Treas.Reg. § 301.7701-2(g) (1960) (emphasis added)
Hornstein, Corporation Law and Practice § 20, at 20 (1959): "In practical importance this feature [limited liability] for over a century has outranked all the other consequences we have been discussing * * *."
Dr. Kurzner testified on the Government's deposition as follows:
Q Who arrives at the amount [of a bill] to send to the patient — the doctor who actually starts off with the patient?
A Yes. But, as I said, we discussed this thoroughly and we set a policy of certain rates and then it is up to the individual. We will vary it somewhat according to the difficulty of the case. The individual has a variance, in other words, the basis varies according to the difficulty he has with each case.
See note 48 supra.
Treas.Reg. § 301.7701-2(h) (1967)
Nominally, the same four characteristics are stated; in paragraph (h), however, they are referred to as the attributes of the "ordinary business corporation" which apparently was taken from Bittker, Professional Associations and Federal Income Taxation: Some Questions and Comments, 17 Tax L.Rev. 1, 3 n. 5 (1961). The "ordinary business corporation" — as used by Professor Bittker and the IRS — appears to be a corporation which is not a personal service corporation or a closely held corporation. Since our approach to the present case is more comparative than definitive, it does not matter, for our purposes, how corporateness is determined. However, in our view, the positing of a nonexistent ideal form against which to measure corporate characteristics seems to leave more than a little to be desired. The difficulty with asserting preeminent, subsisting "attributes" is that one must then rationalize the absence of the attributes in some kinds of corporations which are unquestionably corporations (e. g., personal service corporations and closely held corporations). It would appear to us far preferable to adopt the Supreme Court's approach in Morrissey, viz., positing as corporate attributes only those characteristics which all corporations possess. Morrissey indicates that the Code definition of "corporation" includes all traditionally recognized corporations and, in addition, includes some business entities which merely resemble traditionally recognized corporations (e. g., associations). The approach of Professor Bittker and the IRS holds that some traditionally recognized corporations do not rise to the dignity of "pure" corporations but are actually only associations because they do not measure up to the attributes of the ideal form. In our view, this approach is supported by neither logic nor law. However, except insofar as the ideal-form approach clashes with our holding in the case sub judice, we have not attempted to redefine terms for the Commissioner. Our conclusion in this case is that GOAPA has the important attributes of some traditionally recognized corporations and, a fortiori, it very closely resembles traditionally recognized corporations; therefore, it is a corporation for purposes of the Internal Revenue Code and must be taxed accordingly.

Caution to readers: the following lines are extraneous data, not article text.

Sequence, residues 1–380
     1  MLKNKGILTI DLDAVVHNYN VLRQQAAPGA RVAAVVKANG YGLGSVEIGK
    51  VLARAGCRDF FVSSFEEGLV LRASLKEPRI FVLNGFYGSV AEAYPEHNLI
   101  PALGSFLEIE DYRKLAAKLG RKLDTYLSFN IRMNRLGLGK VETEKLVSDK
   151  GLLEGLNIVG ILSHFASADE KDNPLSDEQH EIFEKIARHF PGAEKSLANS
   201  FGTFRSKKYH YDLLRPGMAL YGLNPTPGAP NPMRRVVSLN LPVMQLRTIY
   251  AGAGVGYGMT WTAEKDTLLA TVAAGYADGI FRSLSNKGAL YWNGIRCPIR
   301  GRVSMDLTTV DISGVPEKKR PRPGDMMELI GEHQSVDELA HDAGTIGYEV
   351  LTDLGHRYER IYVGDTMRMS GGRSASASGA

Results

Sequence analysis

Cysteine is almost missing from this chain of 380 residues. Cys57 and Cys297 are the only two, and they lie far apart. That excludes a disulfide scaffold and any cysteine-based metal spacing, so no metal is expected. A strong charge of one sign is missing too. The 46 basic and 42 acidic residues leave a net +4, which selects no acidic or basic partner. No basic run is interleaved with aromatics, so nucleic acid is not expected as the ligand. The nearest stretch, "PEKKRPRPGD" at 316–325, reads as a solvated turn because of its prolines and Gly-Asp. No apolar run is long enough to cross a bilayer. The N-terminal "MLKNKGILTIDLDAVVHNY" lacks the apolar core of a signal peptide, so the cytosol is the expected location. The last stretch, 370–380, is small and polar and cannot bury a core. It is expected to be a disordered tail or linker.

See text accompanying note 53 supra.
The revenue act of 1918 had provided that personal service corporations were to be taxed as partnerships. Revenue Act of 1918, ch. 18, § 218(e), 40 Stat. 1070 (1919). As indicated in part II of this opinion, at that time in tax history, corporate status was regarded as undesirable and personal service corporations were said to have been "relieved from the payment of tax as a corporation." S.Doc. No. 391, 65th Cong., 3d Sess. 3 (1919). The "relief" was carried over into the Revenue Act of 1921, but by the terms of the act, ceased to be effective after December 3, 1921. Revenue Act of 1921, ch. 136, § 218(d), 42 Stat. 245
Treas.Reg. § 301.7701-2(a) (5) (1965)
The appellee and the amicus curiae in this case have argued that the state of Florida has conferred corporateness upon GOAPA and that the state label is controlling. We reject this argument and our conclusion, as should be obvious, does not rest upon a state label. Except insofar as reference to entities generally regarded as corporations is necessary for determining corporations, the label bestowed by the state upon a business enterprise is irrelevant Compare Bittker, Professional Service Organizations: A Critique of the Literature, 23 Tax L. Rev. 420, 431-34 (1968), with Anderson, Tax Aspects of Professional Corporations, U.So.Calif.1963 Tax.Inst. 309, 317-19.